Nursing mothers of New York may now peruse the stacks of their local Barnes & Noble while breastfeeding their children in peace, which is something they've have been entitled to do since the state legalized public nursing 20 years ago. On Wednesday, New York state Attorney General Eric Schneiderman announced a settlement with the national bookstore chain, which agreed to better educate its employees about laws that protect women's right to nurse in public without interference.
Barnes & Noble also agreed to pay $10,000 to support a breastfeeding awareness and promotion program in Rockland County, where a March incident involving a nursing mother's dismissal from the bookstore prompted outrage across the state. When Shereen Matera, a New Jersey resident, was asked to cover herself or leave Barnes & Noble's Nanuet location, she contacted a local breastfeeding awareness group and organized a "nurse-in" of 15 mothers at the offending store. Matera also filed a complaint with Barnes & Noble's corporate office, but found the company unresponsive in dealing with her issue.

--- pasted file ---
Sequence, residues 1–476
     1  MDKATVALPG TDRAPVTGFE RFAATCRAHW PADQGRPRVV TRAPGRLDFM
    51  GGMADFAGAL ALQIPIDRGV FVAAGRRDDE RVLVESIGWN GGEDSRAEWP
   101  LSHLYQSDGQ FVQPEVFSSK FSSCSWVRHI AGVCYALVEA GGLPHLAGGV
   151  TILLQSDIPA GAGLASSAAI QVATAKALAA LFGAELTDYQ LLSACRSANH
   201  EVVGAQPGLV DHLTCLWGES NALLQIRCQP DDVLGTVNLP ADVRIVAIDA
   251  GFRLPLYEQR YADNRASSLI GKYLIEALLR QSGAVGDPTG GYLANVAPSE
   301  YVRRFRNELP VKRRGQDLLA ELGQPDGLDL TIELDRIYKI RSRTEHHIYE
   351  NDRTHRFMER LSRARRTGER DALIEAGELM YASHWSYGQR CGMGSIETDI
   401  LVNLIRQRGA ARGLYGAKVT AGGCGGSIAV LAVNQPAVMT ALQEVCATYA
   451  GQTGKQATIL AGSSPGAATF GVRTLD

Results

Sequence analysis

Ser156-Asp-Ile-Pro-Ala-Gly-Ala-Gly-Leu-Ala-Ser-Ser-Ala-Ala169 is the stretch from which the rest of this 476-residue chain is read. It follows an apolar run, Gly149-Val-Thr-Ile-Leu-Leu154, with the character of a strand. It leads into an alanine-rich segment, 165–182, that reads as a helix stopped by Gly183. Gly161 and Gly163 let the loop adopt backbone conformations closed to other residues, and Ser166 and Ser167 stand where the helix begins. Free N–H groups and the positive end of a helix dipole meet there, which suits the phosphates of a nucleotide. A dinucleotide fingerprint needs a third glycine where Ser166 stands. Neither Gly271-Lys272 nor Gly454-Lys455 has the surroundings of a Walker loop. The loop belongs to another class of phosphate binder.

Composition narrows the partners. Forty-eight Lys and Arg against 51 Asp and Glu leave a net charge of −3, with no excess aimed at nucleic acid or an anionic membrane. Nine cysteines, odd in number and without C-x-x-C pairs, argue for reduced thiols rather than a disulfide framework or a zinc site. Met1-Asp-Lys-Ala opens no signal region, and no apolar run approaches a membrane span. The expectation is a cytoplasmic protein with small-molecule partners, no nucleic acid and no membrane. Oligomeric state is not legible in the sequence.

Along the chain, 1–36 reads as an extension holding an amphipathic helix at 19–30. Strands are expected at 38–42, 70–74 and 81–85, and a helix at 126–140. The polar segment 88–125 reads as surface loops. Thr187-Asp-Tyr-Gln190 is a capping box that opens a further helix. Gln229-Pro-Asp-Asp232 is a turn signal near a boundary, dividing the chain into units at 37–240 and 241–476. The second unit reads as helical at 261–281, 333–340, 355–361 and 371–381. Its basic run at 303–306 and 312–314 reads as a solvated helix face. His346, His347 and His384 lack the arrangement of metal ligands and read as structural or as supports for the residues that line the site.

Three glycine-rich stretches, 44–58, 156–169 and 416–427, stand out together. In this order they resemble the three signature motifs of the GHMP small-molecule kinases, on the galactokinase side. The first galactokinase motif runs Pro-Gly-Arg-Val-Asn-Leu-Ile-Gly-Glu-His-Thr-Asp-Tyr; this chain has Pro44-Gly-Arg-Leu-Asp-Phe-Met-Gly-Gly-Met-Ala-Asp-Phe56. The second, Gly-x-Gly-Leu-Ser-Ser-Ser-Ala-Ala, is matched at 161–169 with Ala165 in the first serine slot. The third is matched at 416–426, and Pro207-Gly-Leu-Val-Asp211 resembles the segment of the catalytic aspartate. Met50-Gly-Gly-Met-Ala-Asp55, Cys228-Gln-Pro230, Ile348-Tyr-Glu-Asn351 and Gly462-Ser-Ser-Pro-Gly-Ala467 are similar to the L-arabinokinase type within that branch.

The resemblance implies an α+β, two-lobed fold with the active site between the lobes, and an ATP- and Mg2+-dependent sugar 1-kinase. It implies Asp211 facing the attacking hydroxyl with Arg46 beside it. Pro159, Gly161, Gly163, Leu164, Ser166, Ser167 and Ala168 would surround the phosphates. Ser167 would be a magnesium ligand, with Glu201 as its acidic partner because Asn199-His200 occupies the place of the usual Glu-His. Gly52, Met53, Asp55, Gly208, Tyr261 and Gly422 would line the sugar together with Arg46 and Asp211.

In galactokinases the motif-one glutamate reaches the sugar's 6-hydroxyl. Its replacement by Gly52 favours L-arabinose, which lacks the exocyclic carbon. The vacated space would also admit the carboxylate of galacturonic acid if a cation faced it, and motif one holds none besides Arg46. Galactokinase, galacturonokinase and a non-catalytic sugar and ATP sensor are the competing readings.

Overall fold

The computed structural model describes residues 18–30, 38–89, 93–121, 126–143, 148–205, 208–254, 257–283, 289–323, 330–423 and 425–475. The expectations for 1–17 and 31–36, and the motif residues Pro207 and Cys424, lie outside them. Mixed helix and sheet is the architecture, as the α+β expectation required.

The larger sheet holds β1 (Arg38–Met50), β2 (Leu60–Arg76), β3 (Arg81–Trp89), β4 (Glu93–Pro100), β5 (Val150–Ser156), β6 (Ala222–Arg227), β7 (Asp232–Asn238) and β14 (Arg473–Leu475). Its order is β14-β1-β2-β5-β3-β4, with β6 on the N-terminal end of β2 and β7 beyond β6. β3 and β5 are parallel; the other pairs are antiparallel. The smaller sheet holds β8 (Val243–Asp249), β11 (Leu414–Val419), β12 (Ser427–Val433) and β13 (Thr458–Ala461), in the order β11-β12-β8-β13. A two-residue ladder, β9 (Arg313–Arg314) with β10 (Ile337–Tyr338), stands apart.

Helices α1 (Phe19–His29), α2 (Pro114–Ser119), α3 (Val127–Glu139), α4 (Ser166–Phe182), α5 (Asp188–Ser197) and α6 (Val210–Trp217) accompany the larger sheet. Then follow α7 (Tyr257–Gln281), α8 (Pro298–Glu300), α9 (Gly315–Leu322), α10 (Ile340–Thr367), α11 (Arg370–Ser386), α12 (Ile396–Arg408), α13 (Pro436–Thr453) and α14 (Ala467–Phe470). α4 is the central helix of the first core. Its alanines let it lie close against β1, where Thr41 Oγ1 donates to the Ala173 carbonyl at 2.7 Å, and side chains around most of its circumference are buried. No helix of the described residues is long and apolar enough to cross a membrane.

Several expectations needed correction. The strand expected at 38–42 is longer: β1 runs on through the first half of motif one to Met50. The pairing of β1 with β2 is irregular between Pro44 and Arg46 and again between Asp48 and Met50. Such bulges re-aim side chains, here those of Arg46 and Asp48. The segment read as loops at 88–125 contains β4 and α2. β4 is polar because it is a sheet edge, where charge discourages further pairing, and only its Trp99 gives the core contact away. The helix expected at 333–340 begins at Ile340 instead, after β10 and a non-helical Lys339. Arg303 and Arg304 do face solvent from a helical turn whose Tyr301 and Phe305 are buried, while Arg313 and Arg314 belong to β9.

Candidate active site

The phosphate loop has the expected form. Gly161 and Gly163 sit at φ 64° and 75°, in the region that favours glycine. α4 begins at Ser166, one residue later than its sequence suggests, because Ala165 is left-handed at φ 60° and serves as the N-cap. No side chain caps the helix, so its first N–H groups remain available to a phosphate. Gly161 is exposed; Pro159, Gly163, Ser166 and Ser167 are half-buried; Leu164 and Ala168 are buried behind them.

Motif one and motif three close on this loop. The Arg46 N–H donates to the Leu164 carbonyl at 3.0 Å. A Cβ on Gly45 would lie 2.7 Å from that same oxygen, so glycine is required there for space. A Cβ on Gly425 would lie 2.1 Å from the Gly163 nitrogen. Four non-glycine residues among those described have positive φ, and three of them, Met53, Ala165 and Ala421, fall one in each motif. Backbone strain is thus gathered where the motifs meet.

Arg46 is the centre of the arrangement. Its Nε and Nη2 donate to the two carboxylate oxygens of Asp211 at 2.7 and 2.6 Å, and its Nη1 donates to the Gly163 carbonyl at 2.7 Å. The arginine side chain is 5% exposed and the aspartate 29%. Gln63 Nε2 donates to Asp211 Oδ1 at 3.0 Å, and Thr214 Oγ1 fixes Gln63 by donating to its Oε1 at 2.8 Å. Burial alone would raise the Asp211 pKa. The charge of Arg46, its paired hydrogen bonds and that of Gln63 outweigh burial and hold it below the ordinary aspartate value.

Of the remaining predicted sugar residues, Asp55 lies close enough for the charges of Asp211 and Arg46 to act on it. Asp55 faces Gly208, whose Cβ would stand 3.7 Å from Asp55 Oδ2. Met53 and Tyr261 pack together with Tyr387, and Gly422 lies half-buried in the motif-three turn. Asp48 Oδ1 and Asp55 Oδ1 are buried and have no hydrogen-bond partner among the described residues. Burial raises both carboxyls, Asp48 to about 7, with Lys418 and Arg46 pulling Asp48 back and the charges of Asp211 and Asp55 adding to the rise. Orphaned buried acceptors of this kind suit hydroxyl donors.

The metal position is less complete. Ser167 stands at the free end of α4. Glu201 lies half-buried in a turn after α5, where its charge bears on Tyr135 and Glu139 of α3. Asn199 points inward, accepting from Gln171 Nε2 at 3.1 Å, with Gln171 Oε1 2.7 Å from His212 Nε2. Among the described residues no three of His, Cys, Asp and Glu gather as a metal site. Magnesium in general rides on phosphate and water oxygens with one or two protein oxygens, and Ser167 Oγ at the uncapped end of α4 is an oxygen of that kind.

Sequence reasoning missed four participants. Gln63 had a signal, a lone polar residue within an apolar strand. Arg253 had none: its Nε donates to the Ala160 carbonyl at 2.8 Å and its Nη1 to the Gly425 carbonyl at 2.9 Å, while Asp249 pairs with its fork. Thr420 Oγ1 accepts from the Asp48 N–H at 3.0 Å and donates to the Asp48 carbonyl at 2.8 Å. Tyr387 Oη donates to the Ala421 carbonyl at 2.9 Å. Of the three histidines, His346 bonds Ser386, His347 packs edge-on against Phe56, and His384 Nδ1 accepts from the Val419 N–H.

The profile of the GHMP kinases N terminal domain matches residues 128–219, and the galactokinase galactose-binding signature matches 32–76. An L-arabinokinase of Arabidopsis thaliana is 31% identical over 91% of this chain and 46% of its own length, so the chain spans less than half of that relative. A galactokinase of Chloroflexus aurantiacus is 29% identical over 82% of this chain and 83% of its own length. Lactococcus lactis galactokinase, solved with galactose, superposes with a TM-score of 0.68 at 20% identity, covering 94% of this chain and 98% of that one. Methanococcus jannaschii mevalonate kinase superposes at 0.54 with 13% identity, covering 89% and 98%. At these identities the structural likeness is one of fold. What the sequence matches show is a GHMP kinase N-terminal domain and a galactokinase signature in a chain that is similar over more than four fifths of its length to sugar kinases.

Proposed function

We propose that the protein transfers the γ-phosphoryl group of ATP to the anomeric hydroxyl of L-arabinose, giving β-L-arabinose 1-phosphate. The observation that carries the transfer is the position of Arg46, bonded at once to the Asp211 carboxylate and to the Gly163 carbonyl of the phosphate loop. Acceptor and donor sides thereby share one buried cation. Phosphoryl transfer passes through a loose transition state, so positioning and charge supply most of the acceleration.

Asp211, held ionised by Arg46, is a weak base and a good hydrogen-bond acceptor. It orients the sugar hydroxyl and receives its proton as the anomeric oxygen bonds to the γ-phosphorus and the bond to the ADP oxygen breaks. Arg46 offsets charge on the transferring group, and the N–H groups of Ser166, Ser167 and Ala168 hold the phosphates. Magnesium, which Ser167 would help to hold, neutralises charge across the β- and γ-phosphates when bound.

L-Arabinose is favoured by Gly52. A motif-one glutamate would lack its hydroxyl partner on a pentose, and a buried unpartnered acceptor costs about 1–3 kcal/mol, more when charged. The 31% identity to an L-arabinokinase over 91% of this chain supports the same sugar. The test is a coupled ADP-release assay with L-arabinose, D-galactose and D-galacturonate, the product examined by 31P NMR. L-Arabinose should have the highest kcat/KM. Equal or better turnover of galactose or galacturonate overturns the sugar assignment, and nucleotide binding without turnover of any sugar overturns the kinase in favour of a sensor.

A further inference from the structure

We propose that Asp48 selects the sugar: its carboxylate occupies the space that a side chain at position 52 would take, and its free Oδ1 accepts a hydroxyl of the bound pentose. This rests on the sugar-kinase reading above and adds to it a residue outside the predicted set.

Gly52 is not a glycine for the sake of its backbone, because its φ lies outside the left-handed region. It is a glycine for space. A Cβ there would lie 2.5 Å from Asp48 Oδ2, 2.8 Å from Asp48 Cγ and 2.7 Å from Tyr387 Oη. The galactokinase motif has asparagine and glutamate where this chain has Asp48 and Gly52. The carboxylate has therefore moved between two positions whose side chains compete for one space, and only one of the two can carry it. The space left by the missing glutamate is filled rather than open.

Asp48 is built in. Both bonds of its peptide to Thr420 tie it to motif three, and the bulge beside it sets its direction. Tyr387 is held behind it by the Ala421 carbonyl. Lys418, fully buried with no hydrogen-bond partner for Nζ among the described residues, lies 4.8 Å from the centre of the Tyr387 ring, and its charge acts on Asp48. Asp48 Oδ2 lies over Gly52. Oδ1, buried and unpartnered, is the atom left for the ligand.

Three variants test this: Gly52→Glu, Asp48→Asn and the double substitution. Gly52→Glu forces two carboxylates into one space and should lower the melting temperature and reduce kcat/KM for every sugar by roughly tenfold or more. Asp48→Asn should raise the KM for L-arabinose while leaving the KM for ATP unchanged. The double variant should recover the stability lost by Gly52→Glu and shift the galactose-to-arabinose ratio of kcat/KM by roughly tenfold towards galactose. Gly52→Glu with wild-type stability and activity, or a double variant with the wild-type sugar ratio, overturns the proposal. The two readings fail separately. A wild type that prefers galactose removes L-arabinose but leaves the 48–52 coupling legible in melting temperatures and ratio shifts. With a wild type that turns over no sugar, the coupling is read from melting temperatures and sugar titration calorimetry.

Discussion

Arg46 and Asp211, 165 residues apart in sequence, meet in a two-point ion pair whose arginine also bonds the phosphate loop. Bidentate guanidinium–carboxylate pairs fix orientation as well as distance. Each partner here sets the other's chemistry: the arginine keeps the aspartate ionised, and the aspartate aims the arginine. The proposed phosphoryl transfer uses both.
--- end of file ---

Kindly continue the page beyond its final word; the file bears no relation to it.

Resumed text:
Following its agreement with the attorney general's office, though, Barnes & Noble is now set to improve its customer complaint procedures and become a more welcoming establishment for nursing moms. "Barnes & Noble stores nationwide welcome breastfeeding mothers," said company spokesperson Mary Ellen Keating. "Regrettably, a woman was asked to cover up while breastfeeding in one of our New York stores. We have addressed the situation and have taken to steps to reinforce our policies. We are committed to ensuring our stores continue to be a welcoming environment for breastfeeding mothers."
In addition to the company's $10,000 contribution, all 42 of Barnes & Noble's New York locations will bear the international symbol for breastfeeding at their entrances. Breastfeeding advocates joined the attorney general in applauding the store's decision.
“All New York residents, including breastfeeding mothers, must be afforded equal protection under the law,” Schneiderman said. “No mother should endure harassment for breastfeeding her baby in public. There is one set of rules for everyone in New York, and I applaud Barnes & Noble for taking steps to ensure that moms are not harassed or discriminated against.”